Faculty Mentor(s)

Dr. Lauren Slone, Psychology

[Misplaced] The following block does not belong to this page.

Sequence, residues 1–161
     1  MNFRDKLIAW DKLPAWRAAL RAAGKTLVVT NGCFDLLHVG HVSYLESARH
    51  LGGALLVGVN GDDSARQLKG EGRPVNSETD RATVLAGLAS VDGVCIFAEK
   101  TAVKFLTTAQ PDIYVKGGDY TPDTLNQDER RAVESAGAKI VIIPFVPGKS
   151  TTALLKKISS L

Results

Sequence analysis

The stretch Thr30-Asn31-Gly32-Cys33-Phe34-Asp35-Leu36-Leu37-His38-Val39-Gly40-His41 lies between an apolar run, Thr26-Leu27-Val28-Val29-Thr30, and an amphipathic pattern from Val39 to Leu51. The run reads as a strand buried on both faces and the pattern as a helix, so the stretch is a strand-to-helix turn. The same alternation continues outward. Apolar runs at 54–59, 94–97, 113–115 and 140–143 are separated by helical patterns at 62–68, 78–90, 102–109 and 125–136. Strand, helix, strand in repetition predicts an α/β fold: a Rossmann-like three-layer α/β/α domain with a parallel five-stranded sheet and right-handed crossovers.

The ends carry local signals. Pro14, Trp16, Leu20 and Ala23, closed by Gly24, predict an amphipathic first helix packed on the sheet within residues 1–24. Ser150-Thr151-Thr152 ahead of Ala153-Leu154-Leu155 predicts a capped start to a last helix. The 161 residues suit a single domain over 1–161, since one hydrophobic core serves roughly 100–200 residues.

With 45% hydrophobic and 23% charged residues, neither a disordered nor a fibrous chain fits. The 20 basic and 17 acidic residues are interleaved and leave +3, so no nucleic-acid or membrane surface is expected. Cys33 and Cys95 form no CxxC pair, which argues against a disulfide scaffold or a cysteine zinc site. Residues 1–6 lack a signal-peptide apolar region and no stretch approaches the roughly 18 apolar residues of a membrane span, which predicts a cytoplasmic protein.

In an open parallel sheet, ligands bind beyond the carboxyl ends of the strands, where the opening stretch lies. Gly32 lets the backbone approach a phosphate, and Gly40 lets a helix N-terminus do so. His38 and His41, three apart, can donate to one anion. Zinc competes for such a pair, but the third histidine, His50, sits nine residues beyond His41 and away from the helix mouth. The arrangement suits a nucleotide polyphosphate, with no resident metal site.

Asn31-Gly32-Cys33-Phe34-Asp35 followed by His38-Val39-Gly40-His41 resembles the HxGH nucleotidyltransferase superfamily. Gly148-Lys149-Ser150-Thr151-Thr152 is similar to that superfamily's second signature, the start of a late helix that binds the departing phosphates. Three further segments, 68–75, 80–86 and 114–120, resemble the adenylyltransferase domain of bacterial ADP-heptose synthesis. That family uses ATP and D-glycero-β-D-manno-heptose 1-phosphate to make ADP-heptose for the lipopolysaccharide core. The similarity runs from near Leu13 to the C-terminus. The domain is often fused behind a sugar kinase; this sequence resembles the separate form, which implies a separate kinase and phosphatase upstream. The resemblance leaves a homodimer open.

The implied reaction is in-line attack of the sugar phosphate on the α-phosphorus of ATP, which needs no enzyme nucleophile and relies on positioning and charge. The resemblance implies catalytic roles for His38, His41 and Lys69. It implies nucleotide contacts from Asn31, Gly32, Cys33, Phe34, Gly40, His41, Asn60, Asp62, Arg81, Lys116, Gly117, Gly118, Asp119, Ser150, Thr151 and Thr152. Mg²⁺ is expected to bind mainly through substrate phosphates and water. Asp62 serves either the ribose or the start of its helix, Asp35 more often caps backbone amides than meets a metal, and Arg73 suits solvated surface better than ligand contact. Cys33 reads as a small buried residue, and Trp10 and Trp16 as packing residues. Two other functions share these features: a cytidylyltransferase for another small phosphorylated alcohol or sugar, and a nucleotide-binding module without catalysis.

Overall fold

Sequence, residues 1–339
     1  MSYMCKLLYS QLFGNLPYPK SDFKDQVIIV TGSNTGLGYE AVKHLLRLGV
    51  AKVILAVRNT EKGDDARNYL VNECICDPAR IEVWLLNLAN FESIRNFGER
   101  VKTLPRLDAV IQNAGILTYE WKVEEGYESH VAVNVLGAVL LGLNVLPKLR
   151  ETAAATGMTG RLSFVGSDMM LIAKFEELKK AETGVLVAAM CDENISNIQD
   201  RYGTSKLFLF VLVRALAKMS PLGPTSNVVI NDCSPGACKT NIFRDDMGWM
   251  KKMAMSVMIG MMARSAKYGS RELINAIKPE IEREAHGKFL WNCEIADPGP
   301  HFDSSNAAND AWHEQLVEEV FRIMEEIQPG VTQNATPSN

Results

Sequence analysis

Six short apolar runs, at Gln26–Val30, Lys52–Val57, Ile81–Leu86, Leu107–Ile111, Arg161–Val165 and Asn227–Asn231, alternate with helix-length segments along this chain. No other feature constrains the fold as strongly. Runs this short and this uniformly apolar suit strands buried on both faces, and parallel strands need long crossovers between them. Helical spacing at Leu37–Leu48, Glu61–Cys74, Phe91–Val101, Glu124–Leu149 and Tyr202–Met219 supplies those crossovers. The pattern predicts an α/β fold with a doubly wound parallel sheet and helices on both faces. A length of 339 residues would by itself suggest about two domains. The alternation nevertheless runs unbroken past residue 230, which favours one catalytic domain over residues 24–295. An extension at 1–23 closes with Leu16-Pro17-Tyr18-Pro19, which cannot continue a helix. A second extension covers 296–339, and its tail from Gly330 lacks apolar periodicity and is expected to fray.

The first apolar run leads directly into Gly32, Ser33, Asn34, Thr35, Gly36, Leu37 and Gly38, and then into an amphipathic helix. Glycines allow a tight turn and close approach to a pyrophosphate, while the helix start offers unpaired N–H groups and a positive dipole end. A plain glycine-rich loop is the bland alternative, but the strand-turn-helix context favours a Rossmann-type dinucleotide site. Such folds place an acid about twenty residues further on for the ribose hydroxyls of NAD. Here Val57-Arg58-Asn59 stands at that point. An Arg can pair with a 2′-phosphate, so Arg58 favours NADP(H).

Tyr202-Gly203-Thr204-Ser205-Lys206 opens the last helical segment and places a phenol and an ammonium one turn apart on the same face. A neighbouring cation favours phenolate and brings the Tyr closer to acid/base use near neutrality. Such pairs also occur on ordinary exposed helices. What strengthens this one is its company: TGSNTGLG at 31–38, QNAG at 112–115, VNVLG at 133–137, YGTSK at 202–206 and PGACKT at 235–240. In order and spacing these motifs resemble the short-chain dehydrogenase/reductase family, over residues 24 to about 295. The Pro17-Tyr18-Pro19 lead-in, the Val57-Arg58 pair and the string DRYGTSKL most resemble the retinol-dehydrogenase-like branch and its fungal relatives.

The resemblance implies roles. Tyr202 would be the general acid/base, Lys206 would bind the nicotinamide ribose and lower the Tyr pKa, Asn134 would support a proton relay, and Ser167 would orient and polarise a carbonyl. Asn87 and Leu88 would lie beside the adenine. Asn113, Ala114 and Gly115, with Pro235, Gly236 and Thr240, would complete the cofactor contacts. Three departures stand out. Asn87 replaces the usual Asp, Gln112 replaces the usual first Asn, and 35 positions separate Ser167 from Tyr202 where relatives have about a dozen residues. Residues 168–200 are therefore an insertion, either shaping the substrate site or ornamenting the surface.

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Language acquisition begins with learning names of common objects by discovering the link between the word and the object. Yet even this is difficult because many objects are often in view when an object's name is spoken. Research shows that children hold objects close to their faces, making them larger in view than other objects, which we call "visual dominance". Infants learn names of objects better when the object named is visually dominant (Yu & Smith, 2012). We want to test if visual dominance aids word learning even when objects are not being held. We will test this by displaying images of novel objects on a screen and testing whether adults learn their novel names. In 80 training trials, we presented images of three objects at a time, and named one object. For participants in the Dominant condition, the named object ("target") was always larger than the non-named objects ("distractors") and for participants in the Equal condition, the target was equal in size to the non-named objects. We hypothesize that adults will look faster and more often to target objects in the Dominant condition. Additionally, we hypothesize that greater looking to the target object will aid in learning the target's names. We examined object name learning based on which object they looked at and/or pointed toward when asked "where is the [novel name of the object]?" at the end of the study. Preliminary data from 34 undergraduates supports our first hypothesis that participants in the Dominant condition looked more to the target object than the distractors during training trials. Future analyses will investigate whether participants learned more words in the Dominant condition, and how their looking during training relates to their word learning.

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